It eventually was trashed when I blew the proprietary power supply and found it could not be replaced.

It was my favorite PC

Sunday 22nd April 2007
Kia Purity (Kansas)

As there's no page for IBM/PS1. I thought this was IBM PS/1 at first (from the pictures) until I read closely and it said PS/2.

As it turns out that I guess that IBM had two versions of this machine and they didn't look all that different either. I have decent pictures of the PS/1 system which I no longer have.

However, I do have documentation for PS/1 from 1990... which indicates that PS/1 is younger than PS/2.

Saturday 10th February 2007
Aaron (Boston)

I don't think that the 8086-based version of the Model 25 was able to run OS/2--it was a strictly DOS machine. I do not know if there as ever an 80286-based version. The IBM Model 30 also came in an 8086 form, and then, later, an 80286 (The Model 30-286) which could presumably run OS/2. OS/2 was an operating system designed specifically for the 80286 (and better) chips, because it was multitasking and could take advantage of the extended memory and capabilities that the 286 offered and that the 8086 could not offer.

Wednesday 24th January 2007
D. Allen Mays (USA)

My Ibm Model 25 came straight off the showroom floor in 1987 with dual 1.44meg floppies, Dos 3.0, 2 button mouse, and an analog joystick. I had microsoft flight simulator, Ikari warriors, Thexder, and Pc paintbrush

Sunday 14th January 2007
Darrick Burch (USA)

I fondly remember using these machines in elementary school. They had no local storage apart from the built-in floppy drives. Instead, the machines would boot staright into our school's token ring network. Our network ran NetWare 3.12 and supported an IBM-built application called ICLAS (IBM Classroom LAN Administration System) that allowed teachers and the network administrator to control what applications and printers were available to students. Quite a spiffy system, really...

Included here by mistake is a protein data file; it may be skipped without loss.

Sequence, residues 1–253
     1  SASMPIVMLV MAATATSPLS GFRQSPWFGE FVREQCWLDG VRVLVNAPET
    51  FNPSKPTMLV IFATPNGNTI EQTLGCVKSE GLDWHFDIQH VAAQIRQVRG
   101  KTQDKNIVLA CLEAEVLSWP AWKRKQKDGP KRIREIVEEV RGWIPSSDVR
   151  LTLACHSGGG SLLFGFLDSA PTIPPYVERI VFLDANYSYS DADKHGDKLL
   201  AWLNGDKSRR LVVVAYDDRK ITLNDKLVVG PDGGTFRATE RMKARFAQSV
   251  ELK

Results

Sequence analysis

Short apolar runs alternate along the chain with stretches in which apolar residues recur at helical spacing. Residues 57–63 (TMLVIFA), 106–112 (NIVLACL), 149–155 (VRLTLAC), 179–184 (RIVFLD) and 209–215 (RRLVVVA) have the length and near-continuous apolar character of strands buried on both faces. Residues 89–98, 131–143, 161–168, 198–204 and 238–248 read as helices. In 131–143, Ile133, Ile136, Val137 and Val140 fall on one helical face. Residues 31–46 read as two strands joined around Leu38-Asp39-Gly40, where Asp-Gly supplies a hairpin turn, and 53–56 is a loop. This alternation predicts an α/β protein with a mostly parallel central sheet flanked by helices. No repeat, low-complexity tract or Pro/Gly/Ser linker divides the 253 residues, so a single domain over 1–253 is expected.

I seem to recall that the 320x200 MCGA mode was more or less compatible with VGA; I snuck in a few games on floppies that would use this mode. Some Sierra On-Line games would also support the MCGA mode, but they often only used 16 colors, probably as a workaround for the EGA mode that this machine does not support.

This isn't the only "all in one" system from IBM. IBM released several similar machines under the EduQuest name, though they were a little bigger physically. For one, the EduQuest machines had a full 14" display (I can't recall the Model 25's screen being any bigger than 12-13"). Oh, and those machines offered 386 and 486 processors, HDD and CD-ROM drives, and built-in ROM DOS, but I digress...

Friday 8th December 2006
Andrew Bellows (Earth)

I recieved one of these second hand from a private high school. It ran well for what I did with it (mainly text editing and Sid Meyer's Civilization in 256 color VGA mode). I had it running the 30MB HDD from the IBM 30 for a while until it inexplicably stopped functioning. It was tricky but I also had it using an Intel 8/16 Ethernet adapter to connect to my home network. The entire machine was functioning still with 2 3.5" 720k floppy drives the last I saw of it. Mine also had a headphone out port on the rear.